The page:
It is easy for us to point to all the times we have failed to love. No life can say it has always loved. Yet John speaks of confidence and the reassurance of the heart. It is the God who has taken up residence in the lives of his people who is greater than even our own condemnation. He knows us, knows us better than we ourselves know us. But he has not stepped away from us in disgust. He has united himself to us in the physicality of the sacrament, pouring his blood and his body into our mouths so that we have become the vessels of a heavenly treasure, a treasure that spills out into our neighbors’ lives.
Jesus is in the flesh, you see, the real flesh of humanity. He has united himself with every leper, cancer patient, starving child, and lonely widow. All of them. He has taken up suffering, deep human suffering to himself for he would heal it all. This compassionate Christ has come to us, yes to heal and help us, but also, through us to heal and help those around us. For he has taken that suffering as well.
- 2. I am the Good Shepherd (Psalm and Gospel: That the Spirit of God would move the hearer to believe and trust that Jesus Christ has risen from the dead so he can shepherd him/her. a. It would not be hard to feel like a lost, even an abandoned, sheep today. Sheep are rather helpless before their problems, many of which the create themselves. The markets are in turmoil, trade wars are being talked about, the Middle East seems about to erupt, and much more. The world looks more and more dangerous.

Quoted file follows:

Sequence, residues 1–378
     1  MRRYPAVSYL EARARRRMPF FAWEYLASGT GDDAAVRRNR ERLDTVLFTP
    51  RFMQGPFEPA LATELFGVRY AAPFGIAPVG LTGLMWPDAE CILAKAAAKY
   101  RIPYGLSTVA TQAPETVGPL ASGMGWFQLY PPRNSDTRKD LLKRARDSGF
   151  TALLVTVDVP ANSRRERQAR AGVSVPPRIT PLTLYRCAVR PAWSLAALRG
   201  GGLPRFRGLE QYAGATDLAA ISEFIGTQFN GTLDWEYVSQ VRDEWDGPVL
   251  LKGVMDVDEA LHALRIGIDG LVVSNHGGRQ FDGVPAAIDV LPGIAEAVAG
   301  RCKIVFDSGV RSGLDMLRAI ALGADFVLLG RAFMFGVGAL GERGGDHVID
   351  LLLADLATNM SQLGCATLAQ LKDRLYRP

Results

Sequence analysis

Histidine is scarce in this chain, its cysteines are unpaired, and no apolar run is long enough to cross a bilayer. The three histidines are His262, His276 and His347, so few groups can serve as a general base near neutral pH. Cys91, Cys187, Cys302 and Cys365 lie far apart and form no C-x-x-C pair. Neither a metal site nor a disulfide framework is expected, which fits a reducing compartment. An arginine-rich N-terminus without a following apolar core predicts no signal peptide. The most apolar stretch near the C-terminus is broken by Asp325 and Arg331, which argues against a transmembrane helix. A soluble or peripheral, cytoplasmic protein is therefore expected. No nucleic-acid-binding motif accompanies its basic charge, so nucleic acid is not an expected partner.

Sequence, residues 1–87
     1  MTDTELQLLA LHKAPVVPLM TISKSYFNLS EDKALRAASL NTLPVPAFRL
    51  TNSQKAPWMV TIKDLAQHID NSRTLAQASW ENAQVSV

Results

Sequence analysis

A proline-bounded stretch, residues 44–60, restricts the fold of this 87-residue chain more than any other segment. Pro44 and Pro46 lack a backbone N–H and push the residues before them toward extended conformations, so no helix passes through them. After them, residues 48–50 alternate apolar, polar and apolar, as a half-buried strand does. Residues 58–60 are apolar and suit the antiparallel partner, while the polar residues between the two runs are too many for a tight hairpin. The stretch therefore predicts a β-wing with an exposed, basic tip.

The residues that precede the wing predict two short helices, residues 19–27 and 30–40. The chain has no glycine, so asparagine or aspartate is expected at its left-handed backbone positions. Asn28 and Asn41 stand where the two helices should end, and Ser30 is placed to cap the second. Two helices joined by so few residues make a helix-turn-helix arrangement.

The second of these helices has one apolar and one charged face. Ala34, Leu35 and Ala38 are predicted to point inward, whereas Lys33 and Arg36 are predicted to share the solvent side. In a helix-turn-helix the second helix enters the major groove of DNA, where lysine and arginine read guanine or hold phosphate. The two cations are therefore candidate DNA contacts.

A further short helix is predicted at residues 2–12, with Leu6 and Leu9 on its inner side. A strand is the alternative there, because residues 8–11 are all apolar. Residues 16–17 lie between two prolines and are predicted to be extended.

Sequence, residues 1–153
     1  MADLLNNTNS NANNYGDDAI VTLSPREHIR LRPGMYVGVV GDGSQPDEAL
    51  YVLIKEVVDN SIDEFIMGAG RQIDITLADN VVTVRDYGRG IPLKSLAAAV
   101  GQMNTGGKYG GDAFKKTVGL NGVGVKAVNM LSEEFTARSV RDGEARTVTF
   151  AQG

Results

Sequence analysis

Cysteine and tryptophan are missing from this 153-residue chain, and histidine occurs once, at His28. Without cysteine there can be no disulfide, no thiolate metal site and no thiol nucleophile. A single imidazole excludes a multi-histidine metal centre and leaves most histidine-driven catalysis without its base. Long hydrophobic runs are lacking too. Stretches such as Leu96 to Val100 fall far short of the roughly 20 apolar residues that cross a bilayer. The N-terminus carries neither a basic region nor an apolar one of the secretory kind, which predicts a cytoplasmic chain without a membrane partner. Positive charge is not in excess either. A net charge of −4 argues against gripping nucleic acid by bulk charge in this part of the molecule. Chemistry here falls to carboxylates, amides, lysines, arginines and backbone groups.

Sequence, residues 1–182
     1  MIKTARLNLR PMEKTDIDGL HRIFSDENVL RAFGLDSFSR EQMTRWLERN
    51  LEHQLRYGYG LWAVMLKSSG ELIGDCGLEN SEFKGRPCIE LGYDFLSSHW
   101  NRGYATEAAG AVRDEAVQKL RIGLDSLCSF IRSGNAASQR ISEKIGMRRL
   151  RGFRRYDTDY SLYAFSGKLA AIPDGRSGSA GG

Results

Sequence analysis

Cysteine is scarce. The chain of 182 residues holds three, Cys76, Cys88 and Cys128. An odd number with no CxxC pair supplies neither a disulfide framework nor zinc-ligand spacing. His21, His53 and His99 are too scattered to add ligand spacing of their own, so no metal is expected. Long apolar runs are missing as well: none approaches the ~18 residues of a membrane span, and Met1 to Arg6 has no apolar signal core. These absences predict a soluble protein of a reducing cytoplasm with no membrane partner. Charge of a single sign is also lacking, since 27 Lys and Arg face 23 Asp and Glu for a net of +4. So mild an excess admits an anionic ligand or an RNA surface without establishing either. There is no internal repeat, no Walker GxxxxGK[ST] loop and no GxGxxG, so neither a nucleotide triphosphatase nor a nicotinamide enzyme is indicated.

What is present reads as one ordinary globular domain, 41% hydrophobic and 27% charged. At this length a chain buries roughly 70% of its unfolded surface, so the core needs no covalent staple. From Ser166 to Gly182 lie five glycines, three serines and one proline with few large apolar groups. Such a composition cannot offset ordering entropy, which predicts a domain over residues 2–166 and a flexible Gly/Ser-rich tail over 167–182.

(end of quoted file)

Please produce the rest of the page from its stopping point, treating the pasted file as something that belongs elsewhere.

- b. Where is Jesus? Is he up in heaven listening to Angelic choirs sing while I perish here below in a meaningless few decades that mean nothing to the eternity which I am promised, but which hurt so much right now?
- c. Jesus is up there, but he is God, remember, he is right here too. He quite honestly makes time. He can live every moment six billion times, just so he can spend this moment with you. He knows hunger, weariness, poverty, and want. He knows sickness and disease, he walked the roads of Palestine and he cares that you suffer. His own death on a cross is his solution, and today he lives and reigns to take care of you.
This sermon is for the congregation which is in need of comfort this day. The next sermon is the challenge, this is the comfort.
We have too often subscribed to the real absence of Christ in our lives and this world. It is born of a subtle and widespread idea that this is the physical world and God is a spiritual being and he is not really all that concerned about the material problems we face. This is simply wrong. Jesus was born in a manger and shed real live red blood on a rude cross in Jerusalem because he hates pain, he loathes death, and he agonizes over our sorrow and problems. Hunger sickens him. While our juvenile minds would like him to 15
create an enormous stash of bread somewhere which would allow all the hungry people to be fed, we have to count on his wisdom here. This really is the best way to do this, and oddly he has included us in the solution. (I wish he had waved his omnipotent little finger and taken care of this for me.)
Jesus has risen from the dead to deal with the real issues of this world. Yes, he leads and guides his precious people to heaven. It is what good shepherds do, they bring their flock home. But through that flock, that is you and me, he is also present in this world addressing its real problems of hunger and loneliness and fear. All along the way he is right beside us, beating back enemies we don’t even know are lurking out there, because he walks beside us. He keeps us moving, he takes us though hard mountain passes and deep dark valleys sometimes. It is a long way and there are lots of strays to round up. But we have his promise. He goes with us wherever we may be, the very ends of the earth.